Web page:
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If you are venturing into the Sierra (highlands) or the Oriente (Jungle/Amazon) you will probably at some point stay at a Hacienda or Hosteria at some point. These are usually “rustic” inns with basic amenities and lots of outdoor activities on acres and acres of land. I only know a few so-so ones but I caution you to be very careful and ask for things in writing when making reservations. My husband is from Ecuador and usually local guests pay less when you get outside of the big cities.

We had an unpleasant experience at more than one that the price was quoted $XX.XX when we checked in and suddenly became much higher when we checked out. They also attempted to charge us for collect calls (COLLECT!!) we made and more meals than we ordered, figuring we would not check our bill. Once we confronted them, they relented but not on the overcharge for the room. Usually these places are in the middle of nowhere so you have no one to complain to and no tourist office near by to assist you so your stuck paying just to get out.

One of the things to know is that some places “lock” the main road at night so no one come or go without them knowing about it. It can be a little scary sometimes. If you want to do the nature/outdoor thing with kids, I would suggest you try to stay in a small village at an inn somewhere near civilization and venture out from there rather that have the kids out in the middle of nowhere.

Once out of the big cities, as in most foreign countries, there will be a lack of English and other languages spoken. Though you may find a hotel desk employee here and there that may have a small vocabulary. The operative word is ‘MAY'. Definitely learn a few important words before venturing out of the city such as bathroom (bano) and emergency (emergencia) etc. On the subject of bathrooms- on the roads between the cities, a “natural” roadside stop is more sanitary than most bathrooms in these areas and what the locals do most of the time. Bring supplies.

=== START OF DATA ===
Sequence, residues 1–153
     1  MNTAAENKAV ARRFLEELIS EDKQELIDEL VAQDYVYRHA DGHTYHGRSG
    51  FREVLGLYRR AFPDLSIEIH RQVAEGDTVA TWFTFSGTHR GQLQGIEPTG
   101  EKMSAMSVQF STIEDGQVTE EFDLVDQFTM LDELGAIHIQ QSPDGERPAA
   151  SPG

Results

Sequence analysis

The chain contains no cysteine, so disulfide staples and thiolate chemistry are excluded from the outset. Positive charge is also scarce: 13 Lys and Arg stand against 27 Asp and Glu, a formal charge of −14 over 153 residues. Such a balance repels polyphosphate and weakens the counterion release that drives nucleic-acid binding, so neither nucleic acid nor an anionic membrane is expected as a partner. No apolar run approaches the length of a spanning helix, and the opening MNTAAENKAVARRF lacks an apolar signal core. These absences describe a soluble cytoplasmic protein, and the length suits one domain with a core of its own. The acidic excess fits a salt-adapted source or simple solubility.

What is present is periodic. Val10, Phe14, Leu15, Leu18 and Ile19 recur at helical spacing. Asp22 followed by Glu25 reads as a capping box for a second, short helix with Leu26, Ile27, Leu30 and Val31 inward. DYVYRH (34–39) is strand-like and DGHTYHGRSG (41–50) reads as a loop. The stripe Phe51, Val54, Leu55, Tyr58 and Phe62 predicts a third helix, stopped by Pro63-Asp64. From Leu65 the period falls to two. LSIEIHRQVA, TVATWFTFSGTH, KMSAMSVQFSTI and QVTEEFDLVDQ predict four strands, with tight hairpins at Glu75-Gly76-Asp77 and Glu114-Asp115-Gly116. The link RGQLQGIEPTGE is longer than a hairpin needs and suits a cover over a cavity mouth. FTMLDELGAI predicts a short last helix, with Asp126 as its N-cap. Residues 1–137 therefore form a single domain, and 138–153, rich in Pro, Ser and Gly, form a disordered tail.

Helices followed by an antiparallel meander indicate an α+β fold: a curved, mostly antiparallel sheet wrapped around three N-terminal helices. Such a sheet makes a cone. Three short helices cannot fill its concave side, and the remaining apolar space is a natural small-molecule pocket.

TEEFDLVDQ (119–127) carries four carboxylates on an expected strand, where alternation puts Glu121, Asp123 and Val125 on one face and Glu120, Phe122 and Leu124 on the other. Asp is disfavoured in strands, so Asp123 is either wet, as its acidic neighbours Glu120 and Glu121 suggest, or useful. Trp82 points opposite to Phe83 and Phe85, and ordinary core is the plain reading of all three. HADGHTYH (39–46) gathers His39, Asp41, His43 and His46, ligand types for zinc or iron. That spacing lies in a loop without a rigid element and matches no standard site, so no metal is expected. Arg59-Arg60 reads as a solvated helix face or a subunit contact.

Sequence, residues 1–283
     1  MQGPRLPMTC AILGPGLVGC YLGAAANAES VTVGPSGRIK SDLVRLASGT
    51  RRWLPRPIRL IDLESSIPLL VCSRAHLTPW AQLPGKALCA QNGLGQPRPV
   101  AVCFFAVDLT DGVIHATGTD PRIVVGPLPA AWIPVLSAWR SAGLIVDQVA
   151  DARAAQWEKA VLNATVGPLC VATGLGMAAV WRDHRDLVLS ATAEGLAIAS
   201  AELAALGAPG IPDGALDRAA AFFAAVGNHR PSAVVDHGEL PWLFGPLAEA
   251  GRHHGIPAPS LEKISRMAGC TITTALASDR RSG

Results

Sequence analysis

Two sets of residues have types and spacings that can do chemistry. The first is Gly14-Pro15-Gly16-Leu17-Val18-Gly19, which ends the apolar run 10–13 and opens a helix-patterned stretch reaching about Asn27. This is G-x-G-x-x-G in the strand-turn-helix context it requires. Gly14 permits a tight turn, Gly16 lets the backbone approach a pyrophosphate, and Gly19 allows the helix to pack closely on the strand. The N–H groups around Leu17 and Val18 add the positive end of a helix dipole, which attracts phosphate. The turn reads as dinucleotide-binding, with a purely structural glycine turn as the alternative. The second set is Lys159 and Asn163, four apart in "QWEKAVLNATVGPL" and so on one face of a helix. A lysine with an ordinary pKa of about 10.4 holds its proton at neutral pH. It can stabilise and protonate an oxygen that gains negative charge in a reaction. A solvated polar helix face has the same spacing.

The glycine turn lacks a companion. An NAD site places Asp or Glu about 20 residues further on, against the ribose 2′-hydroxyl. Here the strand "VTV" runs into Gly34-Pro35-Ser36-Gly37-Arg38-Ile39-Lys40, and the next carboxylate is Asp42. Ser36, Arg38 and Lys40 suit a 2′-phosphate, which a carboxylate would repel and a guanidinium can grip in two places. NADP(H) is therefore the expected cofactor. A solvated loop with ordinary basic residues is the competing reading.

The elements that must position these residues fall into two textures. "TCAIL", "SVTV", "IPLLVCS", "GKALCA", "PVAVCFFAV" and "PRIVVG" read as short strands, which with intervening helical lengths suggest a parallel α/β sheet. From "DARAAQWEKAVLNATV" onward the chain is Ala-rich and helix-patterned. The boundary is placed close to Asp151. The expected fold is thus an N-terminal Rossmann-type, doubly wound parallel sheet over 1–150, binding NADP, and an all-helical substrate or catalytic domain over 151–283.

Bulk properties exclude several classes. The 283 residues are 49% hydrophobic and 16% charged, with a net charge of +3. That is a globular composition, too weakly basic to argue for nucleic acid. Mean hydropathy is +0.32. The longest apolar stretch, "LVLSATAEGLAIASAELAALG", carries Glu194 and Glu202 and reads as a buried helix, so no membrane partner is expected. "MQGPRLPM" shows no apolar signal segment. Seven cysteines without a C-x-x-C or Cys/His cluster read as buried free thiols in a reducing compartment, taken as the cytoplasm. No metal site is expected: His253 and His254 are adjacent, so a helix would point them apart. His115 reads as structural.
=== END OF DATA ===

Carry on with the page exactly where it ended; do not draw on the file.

There is bus service between most cities. Thee are cheap buses for around $2-5 per trip but be prepared for cramped buses with loud blaring music. Security for bags is bad as they will be tied to the top of the bus if they are too big and you never know when someone else gets off if they are taking an extra bag or 2 with them. There is a new type of service available. The bus line ‘Reina' offers air conditioned buses (Greyhound style) with a movie (Spanish) and bathroom. They have reclining padded seats and are quite comfy.

If you are going to the coastal areas, it can be a hot, very long trip (5-8 hours). Tha makes it worth while to pay a little extra to get a more comfortable ride. Bring a blanket as the A/C freezes you out but it's better than sticking to the seat and the person next to you on an un-air conditioned bus. Amazingly, the bus fare for these ‘upper class' buses is around $5, a price that it too steep for a large amount of the population. They will pat down the men before boarding and each bus has an attendant. They allow small snacks but not take out. BE CAREFUL WHEN GETTING OFF AT THE BUS STATIONS AT NIGHT. Only get into cabs that have the big license stuck in the front window.

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